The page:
HAProxy and Chef - dynamic backend server list

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20 Nov 2014 10:02

After the recent load balancer upgrade at Wikidot people asked me about the magic behind automatic HAProxy configuration — namely, how do we solve dynamical addition and removal of backend servers. It's not that complex, we use Chef.

Below I will tell you how we do it.


  1. We have a working Chef server.
  2. All nodes run Ubuntu, but it's not really important.
  3. All nodes run chef-client periodically (in our case, every 3 minutes).
  4. All web nodes have role web.

As a result will develop a minimal haproxy cookbook to be run on the HAProxy node that:

  1. Will set up HAproxy service.
  2. Will discover and connect to all backend servers.

I will skip the parts related to setting up Chef, nuances in HAProxy configuration, multiple roles and cookbooks and concentrate just on the auto-configuration part. If this in any way encourages you to set up a similar environment, it's good :-)

Here are all important files in our haproxy cookbook:

├── metadata.rb
├── recipes
│   └── default.rb
└── templates
    └── default
        └── haproxy.cfg.erb


# Install HAProxy repo and package itself

apt_repository "haproxy_repo" do
  uri "http://ppa.launchpad.net/vbernat/haproxy-1.5/ubuntu"
  components ['main']
  distribution node['lsb']['codename']
  keyserver "keyserver.ubuntu.com"
  key "1C61B9CD"
  deb_src false

package 'haproxy'
package 'socat'

template "/etc/haproxy/haproxy.cfg" do
  source "haproxy.cfg.erb"
  owner "haproxy"
  group "haproxy"
    backend_nodes: search(:node, "chef_environment:#{node.chef_environment} AND role:web").sort_by{ |n| n.name }
  notifies :reload, 'service[haproxy]'

service "haproxy" do
  supports status: true, restart: true, reload: true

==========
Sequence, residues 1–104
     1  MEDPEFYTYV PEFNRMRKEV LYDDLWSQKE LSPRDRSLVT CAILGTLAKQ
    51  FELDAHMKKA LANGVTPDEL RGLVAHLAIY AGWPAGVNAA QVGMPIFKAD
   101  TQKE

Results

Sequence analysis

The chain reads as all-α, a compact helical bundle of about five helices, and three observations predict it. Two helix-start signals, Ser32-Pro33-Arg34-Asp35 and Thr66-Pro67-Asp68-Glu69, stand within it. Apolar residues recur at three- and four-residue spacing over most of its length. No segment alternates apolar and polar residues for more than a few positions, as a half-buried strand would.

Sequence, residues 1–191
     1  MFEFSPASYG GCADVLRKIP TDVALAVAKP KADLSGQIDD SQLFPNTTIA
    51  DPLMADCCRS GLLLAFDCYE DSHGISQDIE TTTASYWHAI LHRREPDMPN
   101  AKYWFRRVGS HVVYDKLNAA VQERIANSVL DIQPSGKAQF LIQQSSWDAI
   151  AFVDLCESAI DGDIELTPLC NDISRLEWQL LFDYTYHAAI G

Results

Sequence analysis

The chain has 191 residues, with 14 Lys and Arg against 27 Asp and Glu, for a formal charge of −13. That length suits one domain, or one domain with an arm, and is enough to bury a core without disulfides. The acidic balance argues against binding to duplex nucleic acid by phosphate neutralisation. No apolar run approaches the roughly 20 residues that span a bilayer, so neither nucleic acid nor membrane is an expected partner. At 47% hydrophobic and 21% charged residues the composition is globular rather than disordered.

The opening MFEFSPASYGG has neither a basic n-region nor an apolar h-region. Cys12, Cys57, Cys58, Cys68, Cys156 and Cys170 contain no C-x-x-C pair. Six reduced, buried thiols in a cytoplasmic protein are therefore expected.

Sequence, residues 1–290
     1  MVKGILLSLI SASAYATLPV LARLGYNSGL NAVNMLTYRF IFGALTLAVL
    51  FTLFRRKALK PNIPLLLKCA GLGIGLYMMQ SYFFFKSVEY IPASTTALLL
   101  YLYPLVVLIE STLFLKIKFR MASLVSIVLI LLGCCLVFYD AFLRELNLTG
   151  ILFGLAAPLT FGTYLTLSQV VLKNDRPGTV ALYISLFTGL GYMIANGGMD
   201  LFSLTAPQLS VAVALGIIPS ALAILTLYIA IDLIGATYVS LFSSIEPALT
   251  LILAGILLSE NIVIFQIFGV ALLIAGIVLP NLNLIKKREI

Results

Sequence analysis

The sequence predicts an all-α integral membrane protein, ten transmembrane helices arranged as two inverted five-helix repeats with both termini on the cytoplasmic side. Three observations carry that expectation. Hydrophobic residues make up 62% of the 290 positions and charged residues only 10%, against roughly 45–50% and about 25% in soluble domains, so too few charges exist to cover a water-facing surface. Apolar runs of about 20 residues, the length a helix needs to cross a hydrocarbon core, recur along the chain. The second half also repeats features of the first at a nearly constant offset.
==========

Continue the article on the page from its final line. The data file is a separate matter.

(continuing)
action [ :enable, :start ]

What it does is that it adds the Vincent Bernat's HAProxy repo first. You might skip it if you are fine with HAProxy in your distribution. We want 1.5 badly.

Then it installs haproxy and socat (useful for admin stuff) packages.

The next lines create the config file from an ERB template. The important line is:

backend_nodes: search(:node, "chef_environment:#{node.chef_environment} AND role:web").sort_by{ |n| n.name }

Chef-client, when running this cookbook, contacts the Chef-server and does a search over instances asking for all nodes running in the same chef_environment and which role include web. We sort the results to make sure the order is consistent between runs. We pass this data to the template.

We can verify that the query actually returns the nodes we expect:

$ knife search node 'chef_environment:production_2 AND role:web' | grep -E '(Name|Roles)'
Node Name:   i-d15eda3b
Roles:       web
Node Name:   i-6ec4088f
Roles:       web
Node Name:   i-6dc5098c
Roles:       web
Node Name:   i-3491e1de
Roles:       web
Node Name:   i-2d0e81cc
Roles:       web
Node Name:   i-ce5fdb24
Roles:       web
Node Name:   i-d4c40835
Roles:       web
Node Name:   i-cd5fdb27
Roles:       web

One more thing — whenever the config file changes, we need to reload haproxy service. It's done by the line:

notifies :reload, 'service[haproxy]'

This way, whenever list of backend servers change, or we provide a new version of template which affects the config file, haproxy gracefully reloads it's config.

The service… part defines the haproxy service and makes it run by default.


  # Global config goes here

  # Defaults go here

frontend http-in
  bind *:80
  default_backend http-backend

backend http-backend
  balance roundrobin
  http-check expect status 200
  option httpchk GET /ping.php

  <% @backend_nodes.each do |node| %>
  server <%= node.name %> <%= node.ipaddress %>:80 check fall 1
  <% end %>

I have simplified the config a bit, but the essentials part are here. In the real config we have stuff like SSL termination, stats, several backends, throttling rules for abuse etc.

What's critical is that the list of backend nodes are created from the @backend_nodes variable. And you know, that's it! The only thing left is add the cookbook to the haproxy node and drive traffic to it.


Now it's important to run chef-client periodically on your HAProxy node. This way your list of backend servers would stay up-to-date. One thing I have not mentioned — it helps if you periodically remove dead nodes from Chef server.

We have been running this setup for 2 weeks now on AWS and it works really, really well. We have 2 HAProxy nodes listed in DNS for *.wikidot.com with Route53 health check.

If you have any questions, feel free to ask!

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